“It's not often you'll find stories about farmers and doctors in the same place, but it's a natural fit,” Tourte said. “Doctors know the health benefits of eating fresh fruits and vegetables, and farmers grow them.”
Dr. Karen Harrington, a family medicine physician, shared a seasonal salad recipe that includes cabbage, kale, tomatoes, bell peppers, cucumbers, scallions and parsley.
“Making a salad that uses many different fruits and vegetables and keeps for several days is a great and convenient way to help improve your health,” she said.
Pediatrician Casey Schirmer is pictured in the guide with his cousin Joe Schirmer, owner of an organic farming operation in Santa Cruz.
The development committee, local farmers and physicians donated their time and effort to the project. UCCE funded the printing of the first 2,000 copies of the booklet. The guide was recently the focus of three outreach events at PAMF clinics, where farmers and PAMF staff teamed up to distribute the guide and other health information at no cost to PAMF patients, visitors and staff. A Spanish language version – which was funded with contributions from UCCE, PAMF and Lakeside Organic Gardens – is in press and expected to be available to the community later this month.
Tourte said the committee has received more requests for the guide than they can currently accommodate. They are now seeking funding to print additional copies, and planning to partner with others in the community to share the information.
“This guide, two years in the making, is our group's foundational piece. It is the beginning of many more activities and educational events we have planned for the future,” Tourte said.
An initiative to enhance competitive and sustainable food systems is part of the UC Division of Agriculture and Natural Resources Strategic Vision 2025.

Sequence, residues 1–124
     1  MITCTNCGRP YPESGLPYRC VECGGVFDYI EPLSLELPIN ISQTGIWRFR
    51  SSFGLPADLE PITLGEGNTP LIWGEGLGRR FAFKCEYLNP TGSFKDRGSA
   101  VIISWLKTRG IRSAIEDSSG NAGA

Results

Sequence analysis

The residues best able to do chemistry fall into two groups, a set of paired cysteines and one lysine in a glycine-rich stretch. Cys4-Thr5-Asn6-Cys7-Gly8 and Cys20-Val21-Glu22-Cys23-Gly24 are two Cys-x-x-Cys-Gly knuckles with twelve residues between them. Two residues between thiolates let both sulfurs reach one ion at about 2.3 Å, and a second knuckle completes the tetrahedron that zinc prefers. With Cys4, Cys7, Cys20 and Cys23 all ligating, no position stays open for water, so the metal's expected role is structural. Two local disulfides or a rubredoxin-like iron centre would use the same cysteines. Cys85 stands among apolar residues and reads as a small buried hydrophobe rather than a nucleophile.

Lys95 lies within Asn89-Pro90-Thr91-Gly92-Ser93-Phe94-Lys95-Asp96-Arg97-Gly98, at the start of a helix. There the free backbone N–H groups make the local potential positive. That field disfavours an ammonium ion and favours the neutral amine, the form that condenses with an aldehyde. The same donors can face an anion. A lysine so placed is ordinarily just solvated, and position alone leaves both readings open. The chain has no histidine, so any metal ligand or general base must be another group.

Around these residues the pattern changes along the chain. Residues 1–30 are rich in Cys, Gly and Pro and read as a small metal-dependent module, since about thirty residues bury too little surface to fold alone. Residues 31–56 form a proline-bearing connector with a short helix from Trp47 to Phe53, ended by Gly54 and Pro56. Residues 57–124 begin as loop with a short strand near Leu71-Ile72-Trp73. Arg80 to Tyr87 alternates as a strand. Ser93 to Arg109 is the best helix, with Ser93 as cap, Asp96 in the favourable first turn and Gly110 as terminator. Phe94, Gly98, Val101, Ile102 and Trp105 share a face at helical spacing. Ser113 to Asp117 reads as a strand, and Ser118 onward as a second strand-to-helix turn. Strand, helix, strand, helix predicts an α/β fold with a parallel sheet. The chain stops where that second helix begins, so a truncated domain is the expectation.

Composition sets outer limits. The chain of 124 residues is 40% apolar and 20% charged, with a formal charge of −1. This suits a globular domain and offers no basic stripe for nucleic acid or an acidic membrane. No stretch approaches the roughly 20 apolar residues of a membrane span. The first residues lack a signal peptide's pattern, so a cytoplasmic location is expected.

- Author: Patti C. Wooten Swanson
While working on this story, I discovered these ducks are on the U.S. Public Interest Research Group's list of 24 potentially hazardous toys. Why? Laboratory tests revealed high levels of a dangerous toxic chemical in the ducks.
The Trouble in Toyland 2014 report released this month warns shoppers that there are dangerous and toxic toys on store shelves this holiday season. The study found toys that you may want to avoid, that…
- are made of materials containing toxic chemicals such as lead
- have small parts that could choke a child if swallowed
- contain powerful magnets that if swallowed could cause intestinal injuries
- make noises loud enough to damage hearing.
So, how can you choose toys that are safe for your child (or nieces, etc.)? One way is to pick age-appropriate toys.
Many manufacturers label toys for age appropriateness. The guidelines factor in a child's developmental stage and the safety issues relevant for the child's age. That means that if you buy a toy labeled as appropriate for ages 4-5, for your “very advanced” 2 ½ year old daughter, you may be exposing her to safety risks.
In deciding what to buy, consider these guidelines from a fellow Cooperative Extension human development expert at Cornell University:
Children under 3: The biggest threat is toys with small parts that could choke them. Avoid marbles, magnets, and games with balls that are less than 1 3/4 inches in diameter. For example, when buying toys such as stuffed animals check to be sure eyes, noses, and other parts are attached securely. Otherwise a part might come lose and be dangerous if swallowed. (Follow this guideline for an older child who still mouths his toys.)
Children 3 to 5: Toys with straps or cords that fit around the neck, such as a toy guitar, is risky because a child could get the cord wrapped around her throat and be strangled. Avoid such toys until the child is older. Or to be safe, cut off cords, strings or straps until the he is older. Avoid toys that are made of thin plastic that can break into pieces or become jagged. Take the batteries out of loud toys or cover speakers with tape.